Nigerian fuel importers’ union said yesterday it would shut down jetties and depots from July 23 if the government did not pay outstanding gasoline subsidy payments, which are a massive drain on Africa’s second biggest economy.
President Goodluck Jonathan tried to end fuel subsidies on Jan. 1, prompting more than a week of strikes and protests after the petrol price more than doubled. Jonathan ended the strikes by partially reinstating the subsidy. The Finance Ministry said on June 20 it had cleared all outstanding subsidy payments following a pause to carry out a probe into the fuel marketers. The ministry was not available for comment yesterday.
The minister of state for finance said in June Nigeria only had 370 billion naira ($2.29 billion) left to pay subsidies, out of the 888 billion in the 2012 budget.
The central bank has said the subsidy budget will run out well before the end of the year, which means they will need to raid savings to pay for it. Powerful state governors have said they will take the federal government to court for what they call “illegal” over-budget subsidy payments.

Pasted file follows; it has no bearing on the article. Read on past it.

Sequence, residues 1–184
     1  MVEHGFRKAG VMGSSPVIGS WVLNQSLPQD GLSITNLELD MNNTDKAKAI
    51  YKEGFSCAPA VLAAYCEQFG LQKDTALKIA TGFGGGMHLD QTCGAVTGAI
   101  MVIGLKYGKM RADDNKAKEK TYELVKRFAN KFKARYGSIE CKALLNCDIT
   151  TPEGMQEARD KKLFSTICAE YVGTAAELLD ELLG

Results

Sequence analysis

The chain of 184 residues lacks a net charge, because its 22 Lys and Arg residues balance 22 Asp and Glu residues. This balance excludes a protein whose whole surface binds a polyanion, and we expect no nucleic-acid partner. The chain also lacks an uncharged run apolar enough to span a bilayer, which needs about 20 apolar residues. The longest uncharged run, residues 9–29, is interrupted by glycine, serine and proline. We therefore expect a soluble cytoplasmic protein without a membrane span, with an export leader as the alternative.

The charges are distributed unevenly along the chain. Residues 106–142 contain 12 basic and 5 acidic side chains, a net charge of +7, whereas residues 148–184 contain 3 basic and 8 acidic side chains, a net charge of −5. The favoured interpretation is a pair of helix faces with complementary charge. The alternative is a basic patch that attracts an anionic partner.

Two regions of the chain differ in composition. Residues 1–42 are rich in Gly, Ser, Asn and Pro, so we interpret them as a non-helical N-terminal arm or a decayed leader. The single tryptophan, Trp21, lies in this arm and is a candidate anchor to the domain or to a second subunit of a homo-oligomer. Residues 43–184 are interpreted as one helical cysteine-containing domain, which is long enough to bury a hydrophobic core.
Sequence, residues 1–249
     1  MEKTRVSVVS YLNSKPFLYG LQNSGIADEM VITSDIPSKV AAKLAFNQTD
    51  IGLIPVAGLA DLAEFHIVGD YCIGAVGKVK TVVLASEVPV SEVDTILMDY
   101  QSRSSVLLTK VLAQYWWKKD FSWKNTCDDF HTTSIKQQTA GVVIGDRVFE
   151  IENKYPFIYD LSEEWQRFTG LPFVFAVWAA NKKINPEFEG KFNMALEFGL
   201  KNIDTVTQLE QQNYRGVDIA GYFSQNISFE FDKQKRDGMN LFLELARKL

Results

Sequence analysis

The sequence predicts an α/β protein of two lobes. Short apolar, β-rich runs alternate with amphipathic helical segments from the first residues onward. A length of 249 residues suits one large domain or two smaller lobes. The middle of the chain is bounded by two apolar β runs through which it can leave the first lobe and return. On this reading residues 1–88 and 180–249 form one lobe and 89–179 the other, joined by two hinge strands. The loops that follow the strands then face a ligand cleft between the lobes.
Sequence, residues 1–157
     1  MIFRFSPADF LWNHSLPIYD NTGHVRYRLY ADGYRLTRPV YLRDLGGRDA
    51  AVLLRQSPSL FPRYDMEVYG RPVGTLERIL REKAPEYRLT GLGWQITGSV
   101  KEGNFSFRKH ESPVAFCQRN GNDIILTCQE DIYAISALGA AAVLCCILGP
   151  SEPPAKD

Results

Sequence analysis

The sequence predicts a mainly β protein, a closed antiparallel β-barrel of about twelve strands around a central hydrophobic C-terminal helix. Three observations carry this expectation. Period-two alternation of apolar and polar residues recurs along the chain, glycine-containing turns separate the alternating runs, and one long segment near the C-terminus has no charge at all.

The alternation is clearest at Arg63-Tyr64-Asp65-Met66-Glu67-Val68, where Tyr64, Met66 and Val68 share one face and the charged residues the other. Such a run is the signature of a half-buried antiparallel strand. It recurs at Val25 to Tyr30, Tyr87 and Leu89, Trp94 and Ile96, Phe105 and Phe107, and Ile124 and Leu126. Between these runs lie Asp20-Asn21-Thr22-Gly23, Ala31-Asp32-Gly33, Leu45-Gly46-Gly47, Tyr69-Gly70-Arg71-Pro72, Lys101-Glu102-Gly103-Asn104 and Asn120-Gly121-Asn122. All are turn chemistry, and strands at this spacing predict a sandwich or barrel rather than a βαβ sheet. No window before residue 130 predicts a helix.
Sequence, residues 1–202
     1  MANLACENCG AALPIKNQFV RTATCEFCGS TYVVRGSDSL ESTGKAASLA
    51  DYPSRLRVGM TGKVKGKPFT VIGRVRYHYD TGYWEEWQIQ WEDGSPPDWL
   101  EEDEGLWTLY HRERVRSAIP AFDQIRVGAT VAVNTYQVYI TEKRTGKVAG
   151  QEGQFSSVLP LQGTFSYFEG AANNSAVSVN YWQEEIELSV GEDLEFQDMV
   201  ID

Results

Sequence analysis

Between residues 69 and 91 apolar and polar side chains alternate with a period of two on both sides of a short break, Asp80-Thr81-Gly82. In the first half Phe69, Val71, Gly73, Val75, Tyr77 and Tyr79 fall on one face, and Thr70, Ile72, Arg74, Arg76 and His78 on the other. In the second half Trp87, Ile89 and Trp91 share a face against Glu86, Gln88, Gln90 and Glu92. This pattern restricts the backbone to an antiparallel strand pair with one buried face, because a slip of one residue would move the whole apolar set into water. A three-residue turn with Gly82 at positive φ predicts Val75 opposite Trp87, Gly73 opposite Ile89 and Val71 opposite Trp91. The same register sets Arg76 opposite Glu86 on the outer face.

The Jetty and Petroleum Tank Farm Owners of Nigeria (JEPTFON), representing fuel marketers, said government non-payment of fuel subsidies was a breach of contract.
“Until the above demands are met, the association has no option than to shut down its operations nationwide and suspend workers with effect from July 23,” a JEPTFON statement said.
A strike by JEPTFON staff and shut down of its operations could result in fuel shortages because Nigeria relies on imports for most of its gasoline and diesel needs.
Fuel marketers said on July 2 they might stop importing fuel into Africa’s most populous nation for the third quarter of the year due to outstanding subsidy payments of 200 billion naira.
A parliamentary probe into the subsidy scheme in April found it was riddled with fraud that had cost Nigeria $6.8 billion in just three years – equal to a quarter of the national budget. It was one of the biggest corruption scandals in the history of Africa’s top energy producer.